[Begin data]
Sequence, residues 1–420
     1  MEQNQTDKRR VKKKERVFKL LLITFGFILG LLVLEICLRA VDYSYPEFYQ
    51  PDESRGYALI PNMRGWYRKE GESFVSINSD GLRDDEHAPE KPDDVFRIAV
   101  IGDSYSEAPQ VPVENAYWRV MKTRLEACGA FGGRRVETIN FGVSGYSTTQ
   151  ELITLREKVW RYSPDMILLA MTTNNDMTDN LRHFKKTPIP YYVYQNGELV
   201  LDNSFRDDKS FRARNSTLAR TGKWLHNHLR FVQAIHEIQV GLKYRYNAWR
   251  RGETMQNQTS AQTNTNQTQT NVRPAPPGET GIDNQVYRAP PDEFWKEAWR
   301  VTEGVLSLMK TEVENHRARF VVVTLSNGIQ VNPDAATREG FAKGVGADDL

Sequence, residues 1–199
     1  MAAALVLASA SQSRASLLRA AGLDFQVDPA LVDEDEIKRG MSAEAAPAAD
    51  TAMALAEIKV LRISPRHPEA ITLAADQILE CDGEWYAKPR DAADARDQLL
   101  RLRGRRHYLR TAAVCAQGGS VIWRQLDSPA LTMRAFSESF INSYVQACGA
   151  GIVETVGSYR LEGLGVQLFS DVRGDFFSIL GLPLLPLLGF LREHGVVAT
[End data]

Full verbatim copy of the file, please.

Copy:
Sequence, residues 1–420
     1  MEQNQTDKRR VKKKERVFKL LLITFGFILG LLVLEICLRA VDYSYPEFYQ
    51  PDESRGYALI PNMRGWYRKE GESFVSINSD GLRDDEHAPE KPDDVFRIAV
   101  IGDSYSEAPQ VPVENAYWRV MKTRLEACGA FGGRRVETIN FGVSGYSTTQ
   151  ELITLREKVW RYSPDMILLA MTTNNDMTDN LRHFKKTPIP YYVYQNGELV
   201  LDNSFRDDKS FRARNSTLAR TGKWLHNHLR FVQAIHEIQV GLKYRYNAWR
   251  RGETMQNQTS AQTNTNQTQT NVRPAPPGET GIDNQVYRAP PDEFWKEAWR
   301  VTEGVLSLMK TEVENHRARF VVVTLSNGIQ VNPDAATREG FAKGVGADDL

Sequence, residues 1–199
     1  MAAALVLASA SQSRASLLRA AGLDFQVDPA LVDEDEIKRG MSAEAAPAAD
    51  TAMALAEIKV LRISPRHPEA ITLAADQILE CDGEWYAKPR DAADARDQLL
   101  RLRGRRHYLR TAAVCAQGGS VIWRQLDSPA LTMRAFSESF INSYVQACGA
   151  GIVETVGSYR LEGLGVQLFS DVRGDFFSIL GLPLLPLLGF LREHGVVAT